[Masthead] Overcast ~ 61°F  
High: 71°F ~ Low: 49°F
Tuesday, May 3, 2016

Streets, river's edge are 'home' for some

Thursday, November 6, 2008

An East African man, who said his name was Mustoff, was awakened Monday morning on Shelbyville's public square by city codes enforcer David Langford and told he could not sleep there. While the county currently has no shelter for the homeless, local groups are doing the best they can with their limited resources.
(T-G Photo by Brian Mosely)
"Hey ... hey! Are you OK?"

It was a little after 9 a.m. Monday when Shelbyville codes official David Langford roused the man from his slumber outside John Norton's law offices on the public square.

The slender man called himself Mustoff and said he was from Ethiopia, in town to work for Tyson Foods, which was evident from the rubber boots he wore.

But Mustoff was sleeping on a piece of cardboard with nothing but the clothes on his back, a coat, pillow and part of a sleeping bag. He had no cash and no one in town he knew to call.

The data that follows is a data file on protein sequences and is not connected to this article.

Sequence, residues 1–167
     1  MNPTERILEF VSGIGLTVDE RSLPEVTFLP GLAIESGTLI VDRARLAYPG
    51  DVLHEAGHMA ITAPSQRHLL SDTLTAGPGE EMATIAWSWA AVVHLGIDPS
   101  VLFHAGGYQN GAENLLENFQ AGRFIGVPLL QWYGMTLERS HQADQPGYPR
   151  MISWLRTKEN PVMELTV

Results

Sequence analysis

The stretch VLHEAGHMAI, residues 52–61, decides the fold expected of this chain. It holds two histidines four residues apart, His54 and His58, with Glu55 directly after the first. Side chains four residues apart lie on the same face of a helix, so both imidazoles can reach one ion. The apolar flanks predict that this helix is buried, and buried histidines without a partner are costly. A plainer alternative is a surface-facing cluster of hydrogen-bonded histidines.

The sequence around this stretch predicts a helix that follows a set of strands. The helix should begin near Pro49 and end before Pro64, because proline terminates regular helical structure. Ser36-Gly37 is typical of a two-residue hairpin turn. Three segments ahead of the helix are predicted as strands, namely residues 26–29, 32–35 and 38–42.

In broken, yet understandable English, Mustoff said that he was working at the poultry processing plant, but had not received his first paycheck and was planning to rent an apartment. But until that money was in his hands, the streets were his home.

Langford explained to Mustoff that he couldn't sleep on the public square, but a number of homeless people were already camped underneath the Duck River bridge, which is where the codes official ended up driving him.

"I hated to do that, but there's no other place for him," Langford told the T-G. "He can't stay on the square, that's for sure."

There wasn't much of a choice. Shelbyville has no homeless shelter, with the nearest one being in Tullahoma. Had Mustoff been sent there, he would have had no way to get to work.

But before Langford took Mustoff to the bridge, he bought him a hot dog and soft drink. Langford also returned to his house briefly to retrieve some sweat clothes and other winter items he wasn't wearing to give to the homeless man. Langford also gave Mustoff an unused fishing pole to help him pass the time by the Duck River.

Few options

However, while there are no shelters available in Shelbyville or Bedford County, authorities and local agencies are doing what they can to help those who find themselves in this desperate situation.